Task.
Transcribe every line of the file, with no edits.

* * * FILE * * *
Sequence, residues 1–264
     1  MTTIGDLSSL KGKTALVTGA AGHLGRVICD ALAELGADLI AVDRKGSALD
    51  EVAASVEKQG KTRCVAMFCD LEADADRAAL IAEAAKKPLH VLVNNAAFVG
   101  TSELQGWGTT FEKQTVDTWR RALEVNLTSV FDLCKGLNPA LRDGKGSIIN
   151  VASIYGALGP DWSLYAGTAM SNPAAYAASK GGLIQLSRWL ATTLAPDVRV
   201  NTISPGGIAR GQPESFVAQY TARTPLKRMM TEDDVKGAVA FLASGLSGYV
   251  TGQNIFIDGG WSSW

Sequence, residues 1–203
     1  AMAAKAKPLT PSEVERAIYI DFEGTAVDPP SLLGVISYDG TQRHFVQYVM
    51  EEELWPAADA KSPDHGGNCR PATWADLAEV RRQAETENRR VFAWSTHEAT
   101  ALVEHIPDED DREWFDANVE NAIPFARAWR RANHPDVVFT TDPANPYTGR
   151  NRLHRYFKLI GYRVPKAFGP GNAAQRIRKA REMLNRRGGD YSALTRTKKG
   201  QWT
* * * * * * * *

Sequence, residues 1–264
     1  MTTIGDLSSL KGKTALVTGA AGHLGRVICD ALAELGADLI AVDRKGSALD
    51  EVAASVEKQG KTRCVAMFCD LEADADRAAL IAEAAKKPLH VLVNNAAFVG
   101  TSELQGWGTT FEKQTVDTWR RALEVNLTSV FDLCKGLNPA LRDGKGSIIN
   151  VASIYGALGP DWSLYAGTAM SNPAAYAASK GGLIQLSRWL ATTLAPDVRV
   201  NTISPGGIAR GQPESFVAQY TARTPLKRMM TEDDVKGAVA FLASGLSGYV
   251  TGQNIFIDGG WSSW

Sequence, residues 1–203
     1  AMAAKAKPLT PSEVERAIYI DFEGTAVDPP SLLGVISYDG TQRHFVQYVM
    51  EEELWPAADA KSPDHGGNCR PATWADLAEV RRQAETENRR VFAWSTHEAT
   101  ALVEHIPDED DREWFDANVE NAIPFARAWR RANHPDVVFT TDPANPYTGR
   151  NRLHRYFKLI GYRVPKAFGP GNAAQRIRKA REMLNRRGGD YSALTRTKKG
   201  QWT